Recently, the Toronto Blue Jays might have been the first-ever postseason contender to lose three starters to the Disabled List in the space of four days.
Now, the Baltimore Orioles might be the first ever-postseason contender to send three starting pitchers to the minor leagues in the space of a week.
First, it was Tommy Hunter. Last weekend, Hunter and his 6.11 ERA were sent to triple-A Norfolk.
Then it was Brian Matusz's turn; he was dispatched to Norfolk after a Sunday start that bumped his ERA to 5.42 (and 8.42 in his last five starts, with more strikeouts than walks).
And Thursday night, Jake Arrieta made it three. Given a 7-3 lead over the Angels in the fourth inning, Arrieta couldn't hold it and the Orioles wound up losing the game, 9-7. Before that fateful fourth inning was over, Arrieta's ERA was 6.13. Before the night was over, Arrieta got the news that he'd be joining Hunter and Matusz in the International League.
Somewhat miraculously, if the season ended today the Baltimore Orioles would be in the championship tournament, just edging the Cleveland Indians for the second Wild Card.
Oddly, both the Orioles and the Indians have been outscored this season.
Well, it's not odd that both have been outscored. It's odd that two teams that have been outscored would be lining up for playoff spots. And of course this state of affairs almost certainly won't last. With the Angels looking like solid candidates for the first Wild Card, the numbers suggest the Orioles and Indians will both fall back, in favor of the Red Sox or the Rays.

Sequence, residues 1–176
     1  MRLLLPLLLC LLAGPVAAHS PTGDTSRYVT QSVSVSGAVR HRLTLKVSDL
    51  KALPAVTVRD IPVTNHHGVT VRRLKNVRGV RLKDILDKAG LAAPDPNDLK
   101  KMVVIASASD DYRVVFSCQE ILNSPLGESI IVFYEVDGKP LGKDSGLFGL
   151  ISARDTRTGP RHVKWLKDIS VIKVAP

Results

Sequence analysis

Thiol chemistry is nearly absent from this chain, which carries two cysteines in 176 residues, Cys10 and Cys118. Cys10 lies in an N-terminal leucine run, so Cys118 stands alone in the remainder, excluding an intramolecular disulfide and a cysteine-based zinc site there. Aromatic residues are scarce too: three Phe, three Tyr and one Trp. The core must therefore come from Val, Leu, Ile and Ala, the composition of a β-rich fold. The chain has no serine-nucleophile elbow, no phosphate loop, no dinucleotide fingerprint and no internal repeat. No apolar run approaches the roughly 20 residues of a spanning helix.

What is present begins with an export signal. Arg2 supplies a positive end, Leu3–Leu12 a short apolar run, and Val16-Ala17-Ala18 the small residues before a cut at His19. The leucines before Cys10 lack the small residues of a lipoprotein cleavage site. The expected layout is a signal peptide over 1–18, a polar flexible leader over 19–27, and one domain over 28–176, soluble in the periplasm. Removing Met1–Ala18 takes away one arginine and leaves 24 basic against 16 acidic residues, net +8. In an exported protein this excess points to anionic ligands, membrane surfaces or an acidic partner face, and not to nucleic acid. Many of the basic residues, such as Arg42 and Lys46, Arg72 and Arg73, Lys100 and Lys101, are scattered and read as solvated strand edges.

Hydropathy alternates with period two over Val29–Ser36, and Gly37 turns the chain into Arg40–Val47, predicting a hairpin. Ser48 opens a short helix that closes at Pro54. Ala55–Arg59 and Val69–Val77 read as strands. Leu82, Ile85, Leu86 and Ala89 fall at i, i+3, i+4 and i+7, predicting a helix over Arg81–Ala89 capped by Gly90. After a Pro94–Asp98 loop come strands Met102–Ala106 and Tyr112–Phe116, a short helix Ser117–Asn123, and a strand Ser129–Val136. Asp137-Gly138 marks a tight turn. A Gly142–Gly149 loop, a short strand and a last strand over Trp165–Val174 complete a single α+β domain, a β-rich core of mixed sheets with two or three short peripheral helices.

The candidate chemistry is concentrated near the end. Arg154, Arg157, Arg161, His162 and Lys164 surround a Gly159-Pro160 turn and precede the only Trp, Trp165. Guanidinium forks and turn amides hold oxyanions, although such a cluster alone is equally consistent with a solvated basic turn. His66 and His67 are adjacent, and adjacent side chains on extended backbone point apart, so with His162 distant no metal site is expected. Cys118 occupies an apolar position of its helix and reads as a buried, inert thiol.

There's always hope, though, and the Orioles just might be well-equipped to withstand the demotion, in short order, of three-fifths of their starting rotation.
Tillman just arrived from Norfolk; down there still are a number of starters with major-league experience, including Jason Berken, Brad Bergesen, and Zach Britton. Major-league veteran Dana Eveland's already been called up, made a spot start last weekend, and will probably remain in the rotation. Also in the rotation: 28-year-old Miguel Gonzalez, who pitched brilliantly earlier this season with Norfolk.
Granted, that was only 45 innings. And Gonzalez had never been remotely as good before.
But this is baseball, and baseball's about hope, and hope's about ... well, hope. The new three-fifths will probably pitch better than the old three-fifths. How could they not? But the other two-fifths, the good two-fifths, might well be due for a bit of regression, since Jason Hammel's never pitched this well and Wei-Yin Chen's an unknown quantity with an ERA better than the rest of his statistics.
Still. Hope. And luck. A lot of luck. Youneverknow.